C.S. Lewis knew about war first hand. He battled in trenches during World War I and experienced the horrors of war: he watched friends die, he smelled gunpowder and blood, he heard bullets whizzing by, he tasted the gritty dirt. Yet, he refused to become a pacifist.
Why? He understood the Christian call to war. In his fairy tale Prince Caspian, a tyrant named Miraz is enslaves all of Narnia, murders the king, and denies Aslan’s existence. The son of the murdered king, Caspian, is therefore called into war. In desperation Caqspian summons the high kings and queens of Narnia. To his surprise, they arrive with the great general himself, Aslan.
In a wonderful moment, “Aslan, … lifted his head, shook his mane and roared. The sound deep and throbbing at first like an organ begning on a low note, rose and became louder, and then far louder again, til the earth and air were shaking with it … Down in Miraz’s camp men woke, stared palely in one another’s, faces, and grasped their weapons.” He unnerves his enemies, and awakens the Narnian creatures to war.
Aslan does not stop there. He transforms the Penvsie children into knights as well. Michael Ward writes “the boys do not simply harden, they become knightly … Peter is ‘Knight of the Most Noble order of the Lion;’ … [He] is the model knight, able to hew trecherous and murderous Sospesian in pieces, … but gentle enough to kiss the furry head of the badger.”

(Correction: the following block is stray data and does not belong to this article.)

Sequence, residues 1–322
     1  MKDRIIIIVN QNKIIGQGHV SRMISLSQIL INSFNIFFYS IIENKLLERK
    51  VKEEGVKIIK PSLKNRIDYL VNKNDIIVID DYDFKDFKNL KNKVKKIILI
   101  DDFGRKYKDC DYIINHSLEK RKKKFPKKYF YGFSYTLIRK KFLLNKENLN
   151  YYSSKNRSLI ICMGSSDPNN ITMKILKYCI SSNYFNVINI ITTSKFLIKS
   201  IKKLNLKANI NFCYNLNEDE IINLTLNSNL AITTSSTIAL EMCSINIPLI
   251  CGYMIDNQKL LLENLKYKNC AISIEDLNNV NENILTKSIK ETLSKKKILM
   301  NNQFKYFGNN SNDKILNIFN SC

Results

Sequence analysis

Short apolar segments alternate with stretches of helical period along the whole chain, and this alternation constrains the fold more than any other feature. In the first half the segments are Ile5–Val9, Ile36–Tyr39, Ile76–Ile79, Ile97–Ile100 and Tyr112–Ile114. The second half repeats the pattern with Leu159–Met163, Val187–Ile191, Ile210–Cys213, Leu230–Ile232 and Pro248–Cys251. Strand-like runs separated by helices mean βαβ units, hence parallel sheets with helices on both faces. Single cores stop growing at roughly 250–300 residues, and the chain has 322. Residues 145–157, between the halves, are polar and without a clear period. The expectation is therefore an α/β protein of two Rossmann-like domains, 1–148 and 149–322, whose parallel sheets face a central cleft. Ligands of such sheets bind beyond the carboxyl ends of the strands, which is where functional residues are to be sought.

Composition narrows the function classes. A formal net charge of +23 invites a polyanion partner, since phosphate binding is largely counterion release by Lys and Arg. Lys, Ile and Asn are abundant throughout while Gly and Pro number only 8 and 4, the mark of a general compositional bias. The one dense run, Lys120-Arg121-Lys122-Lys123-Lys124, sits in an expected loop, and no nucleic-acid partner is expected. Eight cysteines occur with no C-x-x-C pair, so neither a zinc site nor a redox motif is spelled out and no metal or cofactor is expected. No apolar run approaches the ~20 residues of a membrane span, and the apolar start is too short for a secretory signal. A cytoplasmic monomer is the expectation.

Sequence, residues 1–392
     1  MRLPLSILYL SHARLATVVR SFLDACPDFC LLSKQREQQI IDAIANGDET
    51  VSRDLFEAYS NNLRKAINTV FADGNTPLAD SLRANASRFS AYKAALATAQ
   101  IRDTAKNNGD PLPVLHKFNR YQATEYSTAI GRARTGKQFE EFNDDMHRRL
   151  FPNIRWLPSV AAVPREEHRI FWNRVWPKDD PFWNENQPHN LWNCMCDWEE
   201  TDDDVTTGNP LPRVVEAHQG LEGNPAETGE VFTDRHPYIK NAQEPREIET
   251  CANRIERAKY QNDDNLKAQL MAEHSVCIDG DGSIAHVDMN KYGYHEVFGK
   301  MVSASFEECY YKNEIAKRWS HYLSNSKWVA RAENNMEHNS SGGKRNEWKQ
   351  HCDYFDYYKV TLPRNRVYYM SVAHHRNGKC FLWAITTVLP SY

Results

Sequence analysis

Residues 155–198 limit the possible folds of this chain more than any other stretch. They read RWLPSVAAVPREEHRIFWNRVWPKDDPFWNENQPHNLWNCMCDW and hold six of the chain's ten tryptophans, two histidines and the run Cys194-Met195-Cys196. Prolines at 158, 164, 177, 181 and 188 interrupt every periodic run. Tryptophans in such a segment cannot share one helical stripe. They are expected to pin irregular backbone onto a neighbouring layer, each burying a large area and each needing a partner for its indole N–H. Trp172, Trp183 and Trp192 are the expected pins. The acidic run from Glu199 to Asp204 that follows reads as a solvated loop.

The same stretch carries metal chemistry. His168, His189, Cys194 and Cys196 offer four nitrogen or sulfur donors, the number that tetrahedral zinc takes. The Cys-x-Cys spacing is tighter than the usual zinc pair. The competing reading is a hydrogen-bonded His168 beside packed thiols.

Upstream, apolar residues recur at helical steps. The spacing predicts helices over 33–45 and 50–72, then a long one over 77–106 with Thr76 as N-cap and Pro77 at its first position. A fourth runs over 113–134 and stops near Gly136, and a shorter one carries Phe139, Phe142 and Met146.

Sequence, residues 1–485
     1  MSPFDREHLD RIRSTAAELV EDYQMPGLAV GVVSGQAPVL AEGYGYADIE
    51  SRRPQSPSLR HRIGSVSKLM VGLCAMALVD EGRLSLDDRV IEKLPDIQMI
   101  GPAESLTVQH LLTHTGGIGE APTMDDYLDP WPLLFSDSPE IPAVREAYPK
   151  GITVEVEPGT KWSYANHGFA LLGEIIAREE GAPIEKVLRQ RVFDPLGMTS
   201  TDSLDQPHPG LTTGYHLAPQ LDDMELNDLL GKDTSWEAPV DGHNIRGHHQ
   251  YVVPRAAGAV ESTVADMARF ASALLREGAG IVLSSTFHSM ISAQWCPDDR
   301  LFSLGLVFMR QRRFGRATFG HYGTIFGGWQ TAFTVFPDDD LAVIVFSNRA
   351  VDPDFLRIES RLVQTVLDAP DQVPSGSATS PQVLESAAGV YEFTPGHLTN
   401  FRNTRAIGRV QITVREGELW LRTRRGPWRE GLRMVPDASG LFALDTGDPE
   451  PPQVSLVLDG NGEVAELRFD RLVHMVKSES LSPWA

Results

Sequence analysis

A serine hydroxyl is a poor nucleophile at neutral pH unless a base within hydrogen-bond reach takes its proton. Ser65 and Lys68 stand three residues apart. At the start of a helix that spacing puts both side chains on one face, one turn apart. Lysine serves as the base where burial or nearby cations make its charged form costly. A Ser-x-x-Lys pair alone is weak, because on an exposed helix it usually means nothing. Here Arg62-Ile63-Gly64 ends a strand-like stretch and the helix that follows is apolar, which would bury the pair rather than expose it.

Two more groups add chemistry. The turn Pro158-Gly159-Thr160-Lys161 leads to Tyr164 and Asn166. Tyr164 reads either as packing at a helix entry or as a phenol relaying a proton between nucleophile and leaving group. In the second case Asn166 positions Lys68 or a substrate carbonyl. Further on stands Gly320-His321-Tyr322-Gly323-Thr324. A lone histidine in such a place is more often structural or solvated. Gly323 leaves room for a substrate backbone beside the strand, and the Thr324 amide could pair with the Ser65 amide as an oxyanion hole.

Yet, Lewis does not suggest that War is Aslan’s primary interest. No, war is a means to an end. Aslan limits the cruelty of his troops by setting their eyes on the true victory: not violence and death, but peaceful life, celebration, and eternal joy!
Even as I write, I long for this knighthood, under the good general who ends tyranny, and looks forward to peaceful joy. When we watch movies about just wars, we always long to fight. Yet, what war is there for me to fight? What tyrant should my general lead me against?
We have one great general, Jesus Christ, who commands us against three great enemies: the devil, the world, and the flesh. Paul writes, “No soldier gets entangled in civilian pursuits, since his aim is to please the one who enlisted him.” Christ enlists us, and equips us for the war to come. He guides us as we battle our inner-tyrant, and simultaneously sets our vision on the great final hope: heaven’s joyful peace. By his strength let us long for our eternal knighthood.